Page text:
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State v. Lawson

Court of Appeals of Iowa

July 18, 2018

STATE OF IOWA, Plaintiff-Appellee,
RONALD LLOYD LAWSON, II, Defendant-Appellant.

          Appeal from the Iowa District Court for Lee (South) County, Michael J. Schilling (plea) and John M. Wright (sentencing), Judges.

         Ronald Lawson appeals from his conviction asserting his trial counsel provided ineffective assistance.

          William R. Monroe of Law Office of William Monroe, Burlington, for appellant.

          Thomas J. Miller, Attorney General, and Louis S. Sloven, Assistant Attorney General, for appellee.

          Considered by Vogel, P.J., and Doyle and Bower, JJ.


         Ronald Lawson appeals his conviction following his guilty plea for possession of a controlled substance, methamphetamine, third or subsequent offense, in violation of Iowa Code section 124.401(5) (2017). He contends his trial counsel was ineffective for failing to request his plea be conditioned on the court's willingness to accept the plea agreement or a more favorable disposition under Iowa Rule of Criminal Procedure 2.10(3), for failing to object to the use of risk-assessment tools used in the presentence investigation report, and for failing to object to a breach of the plea agreement. The State asserts the record is inadequate on direct appeal to address Lawson's rule 2.10(3) conditioned plea argument, Lawson was not prejudiced by the use of risk-assessment tools, and counsel did not have a duty to object to the prosecutor's communication of the plea agreement. Agreeing with the State, we affirm.

         I. Ineffective Assistance of Counsel

         Lawson concedes no motion in arrest of judgment was filed in this case, so he raises his challenges to the guilty plea through an ineffective-assistance-of-counsel claim. State v. Straw, 709 N.W.2d 128, 133 (Iowa 2006) (noting a challenge to a guilty plea is not barred "if the failure to file a motion in arrest of judgment resulted from ineffective assistance of counsel"). To prove his ineffective-assistance claim, Lawson must prove counsel failed to perform an essential duty and the failure resulted in prejudice. See id. The prejudice burden requires proof "there is a reasonable probability that, but for counsel's errors, he or she would not have pleaded guilty and would have insisted on going to trial." Id. When an ineffective-assistance claim is made on direct appeal, we must first determine whether the record is adequate to address the claim made. State v. Johnson, 784 N.W.2d 192, 198 (Iowa 2010). "[M]ost claims of ineffective assistance of counsel in the context of a guilty plea will require a record more substantial than the one [available on direct appeal]." Straw, 709 N.W.2d at 138.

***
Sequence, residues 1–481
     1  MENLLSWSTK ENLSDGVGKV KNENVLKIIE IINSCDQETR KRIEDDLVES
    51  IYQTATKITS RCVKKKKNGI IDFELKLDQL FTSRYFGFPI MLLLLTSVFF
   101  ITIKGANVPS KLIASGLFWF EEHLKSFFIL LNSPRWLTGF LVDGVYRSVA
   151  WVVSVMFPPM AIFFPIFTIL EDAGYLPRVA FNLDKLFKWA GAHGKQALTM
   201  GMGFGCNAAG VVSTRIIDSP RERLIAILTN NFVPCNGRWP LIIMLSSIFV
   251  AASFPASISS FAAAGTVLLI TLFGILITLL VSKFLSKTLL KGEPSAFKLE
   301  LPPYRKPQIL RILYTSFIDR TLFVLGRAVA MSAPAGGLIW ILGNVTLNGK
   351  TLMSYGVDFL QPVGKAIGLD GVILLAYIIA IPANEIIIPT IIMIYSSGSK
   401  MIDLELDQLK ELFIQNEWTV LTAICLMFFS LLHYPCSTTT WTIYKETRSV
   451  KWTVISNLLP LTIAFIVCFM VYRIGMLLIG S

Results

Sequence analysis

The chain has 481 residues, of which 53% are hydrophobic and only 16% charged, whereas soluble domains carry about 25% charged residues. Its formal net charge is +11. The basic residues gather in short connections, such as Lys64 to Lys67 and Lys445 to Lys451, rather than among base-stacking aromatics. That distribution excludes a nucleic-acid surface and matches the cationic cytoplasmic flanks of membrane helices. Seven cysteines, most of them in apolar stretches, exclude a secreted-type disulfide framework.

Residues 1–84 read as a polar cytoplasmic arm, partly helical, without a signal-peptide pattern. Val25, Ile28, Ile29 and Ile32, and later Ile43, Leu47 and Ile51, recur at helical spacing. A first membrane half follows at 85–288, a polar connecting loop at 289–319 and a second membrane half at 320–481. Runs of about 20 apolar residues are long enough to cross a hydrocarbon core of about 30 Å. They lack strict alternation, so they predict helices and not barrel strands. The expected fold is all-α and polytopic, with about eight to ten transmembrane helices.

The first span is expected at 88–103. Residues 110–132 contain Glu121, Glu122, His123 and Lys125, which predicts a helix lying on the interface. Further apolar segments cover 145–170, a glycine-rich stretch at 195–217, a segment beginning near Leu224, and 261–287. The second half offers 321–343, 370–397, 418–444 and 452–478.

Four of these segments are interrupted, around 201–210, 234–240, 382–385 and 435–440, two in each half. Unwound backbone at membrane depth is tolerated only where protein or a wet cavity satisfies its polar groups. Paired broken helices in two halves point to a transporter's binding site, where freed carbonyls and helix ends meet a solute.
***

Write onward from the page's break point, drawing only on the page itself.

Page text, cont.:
A. Rule 2.10(3)

         Lawson and the State presented a plea agreement to the district court at sentencing in which the State recommended suspended sentences. After reviewing the presentence investigation report, the district court rejected the plea agreement and sentenced Lawson to a term of incarceration. There is no record of Lawson's, or his trial counsel's, conversations with the State regarding the plea. Because the record on appeal does not contain evidence regarding what was discussed during plea negotiations, including any record of whether Iowa Rule of Criminal Procedure 2.10(3) would have been acceptable to the State, we conclude the record on appeal is not adequate to address Lawson's claim that his trial counsel was ineffective. State v. Coil, 264 N.W.2d 293, 296 (Iowa 1978) ("Even a lawyer is entitled to his day in court, especially when his professional reputation is impugned."). We preserve Lawson's ineffective-assistance claim for postconviction proceedings. See Johnson, 784 N.W.2d at 198 ("If . . . the court determines the claim cannot be addressed on appeal, the court must preserve it for a postconviction-relief proceeding, regardless of the court's view of the potential viability of the claim.").

         B. Risk-Assessment Tools

         Lawson next claims his trial counsel was ineffective for failing to object to the district court's use of the presentence investigation report because it contained improper risk-assessment tools. We find the record sufficient to address Lawson's claim.

         Lawson claims there is no foundation for using scientific tests like the Iowa Risk Revised ("IRR") or the Dynamic Risk Assessment for Offender Re-Entry ("DRAOR") in sentencing and these tests are not reliable in the context of sentencing.[1] However, upon our review of the record, unlike the cases of Gordon and Guise, there is no evidence the district court relied upon or even considered risk-level scores in announcing Lawson's sentence. Instead, the court focused on Lawson's age, his lengthy criminal history, the nature of his crimes, and his various attempts at rehabilitation. The district court only referenced the recommendation of the Department of Corrections once, noting he was a "supervising problem" when he was arrested, defying instructions and instigating an altercation with another inmate. The district court did not refer to the IRR or the DRAOR and did not use either as an aggravating factor. ...

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